Let’s make sure whoever wins the next round of Congressional musical chairs remembers that we are watching, and that we are holding them all accountable. Which also goes for our local and state officials.

At CFJC we have made it our business to connect the dots, not only from local and community food initiatives and programs to federal policy. We also are connecting the dots of the inter-related issues of the economy, climate change, and social justice.

Along with our food system, we think those are the core issues of our time.

How we respond will determine if we too, are the “greatest generation” that stepped up in a time of crisis.

We need to make noise. We need to be heard. We need to assert our collective values.

We need to make this election the beginning of what we want and demand our country to be; from local school board elections and initiatives, to the president of the United State.

We need to let our leaders know that there is an unrest that will not go unheeded just because the elections are over.

No doubt, if you are reading this you already have strong feelings about food and food systems, and what needs to be fixed. You also know that any real solutions require that we address the inter-related issues of climate change, our economic crisis, social injustice and more. All of it—we have to address an entire system that is not working, as demonstrated by the absurd actions and in-actions of our leaders and would-be leaders.

But at the individual level, the problems of people and communities are all too familiar, and it would easy to get discouraged.

Thankfully, we don’t have to despair.

Remember, you are not alone.

The CFJC theory of change is that real systemic change begins with the individual; who sees others making individual change; who believe that collective change is possible; who by their actions determine change in their communities.

That is where we are at, now.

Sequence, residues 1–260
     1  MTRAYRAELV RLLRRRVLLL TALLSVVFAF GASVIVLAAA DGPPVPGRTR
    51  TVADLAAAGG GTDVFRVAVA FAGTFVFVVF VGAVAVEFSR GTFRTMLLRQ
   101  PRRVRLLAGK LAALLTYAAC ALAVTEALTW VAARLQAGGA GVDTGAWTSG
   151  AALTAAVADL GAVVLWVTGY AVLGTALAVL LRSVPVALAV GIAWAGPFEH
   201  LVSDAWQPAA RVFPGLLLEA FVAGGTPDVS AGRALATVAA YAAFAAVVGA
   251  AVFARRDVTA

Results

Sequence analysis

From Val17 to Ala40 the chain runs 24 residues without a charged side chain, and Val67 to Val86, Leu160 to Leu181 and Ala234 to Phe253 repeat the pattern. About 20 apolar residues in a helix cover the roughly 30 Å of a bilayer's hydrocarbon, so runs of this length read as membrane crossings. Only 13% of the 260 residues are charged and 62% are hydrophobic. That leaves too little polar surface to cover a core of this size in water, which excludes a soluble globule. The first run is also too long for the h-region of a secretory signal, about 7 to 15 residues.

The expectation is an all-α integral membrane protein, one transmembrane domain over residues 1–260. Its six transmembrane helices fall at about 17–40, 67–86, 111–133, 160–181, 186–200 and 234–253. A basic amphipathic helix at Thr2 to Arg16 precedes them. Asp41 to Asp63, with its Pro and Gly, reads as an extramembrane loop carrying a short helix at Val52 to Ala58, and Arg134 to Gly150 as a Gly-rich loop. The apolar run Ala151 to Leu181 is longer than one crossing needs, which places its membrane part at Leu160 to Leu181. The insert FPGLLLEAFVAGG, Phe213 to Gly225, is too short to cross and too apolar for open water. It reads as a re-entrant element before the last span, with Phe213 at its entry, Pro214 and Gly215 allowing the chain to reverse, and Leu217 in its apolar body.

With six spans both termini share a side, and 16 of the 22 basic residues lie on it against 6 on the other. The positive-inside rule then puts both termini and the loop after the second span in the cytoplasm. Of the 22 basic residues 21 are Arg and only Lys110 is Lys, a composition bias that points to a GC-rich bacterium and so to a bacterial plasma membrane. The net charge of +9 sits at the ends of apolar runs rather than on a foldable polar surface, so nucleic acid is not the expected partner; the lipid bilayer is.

Please share with others, what you are doing to change the world in your corner of the planet. At the very least, send an email to CFJC and we will collect the stories of unsung heroes who are the vanguard of a new kind of movement.

Again, you also can stay informed by linking to one of the organizational websites highlighted throughout this newsletter, or by visiting the CFJC website.

And during this electoral season, you should also be in contact with your Senator or Representative’s office for updates, and to let them know that you are paying attention.

We want to acknowledge and thank you for your personal commitment to the health and well-being of our families and our communities.

Thank you for caring.

And by all means yes, if you are able, please consider making a contribution to help CFJC continue working on your behalf.

All the best.



Y. Armando Nieto, Executive Director


, , , , , ,


CFJC promotes the basic human right to healthy food while advancing social, agricultural, environmental and economic justice. Through advocacy, organizing and education, we collaborate with community-based efforts to create a sustainable food supply. We envision a food system in which all activities, from farm to table, are equitable, healthful, regenerative and community-driven.

If you believe in these principles JOIN CFJC NOW.

Comments are closed.